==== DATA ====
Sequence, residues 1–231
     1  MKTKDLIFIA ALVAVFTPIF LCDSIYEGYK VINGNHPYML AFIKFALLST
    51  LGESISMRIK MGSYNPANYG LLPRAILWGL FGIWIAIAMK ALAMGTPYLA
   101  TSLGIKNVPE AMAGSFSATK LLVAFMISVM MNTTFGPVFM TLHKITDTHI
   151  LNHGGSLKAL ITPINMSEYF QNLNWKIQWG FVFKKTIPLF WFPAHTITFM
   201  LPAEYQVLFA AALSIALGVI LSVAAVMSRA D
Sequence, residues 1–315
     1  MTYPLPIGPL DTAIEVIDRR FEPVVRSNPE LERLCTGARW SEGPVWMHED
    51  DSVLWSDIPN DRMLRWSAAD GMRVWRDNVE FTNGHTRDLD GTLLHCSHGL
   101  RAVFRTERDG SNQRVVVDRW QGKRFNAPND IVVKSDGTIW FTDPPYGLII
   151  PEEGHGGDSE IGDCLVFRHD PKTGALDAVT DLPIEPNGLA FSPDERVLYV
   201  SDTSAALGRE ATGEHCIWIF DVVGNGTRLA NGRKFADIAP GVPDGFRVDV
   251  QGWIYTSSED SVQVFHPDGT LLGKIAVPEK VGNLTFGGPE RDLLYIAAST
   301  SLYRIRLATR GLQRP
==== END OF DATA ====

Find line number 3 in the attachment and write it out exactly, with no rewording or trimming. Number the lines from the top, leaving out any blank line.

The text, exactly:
    51  LGESISMRIK MGSYNPANYG LLPRAILWGL FGIWIAIAMK ALAMGTPYLA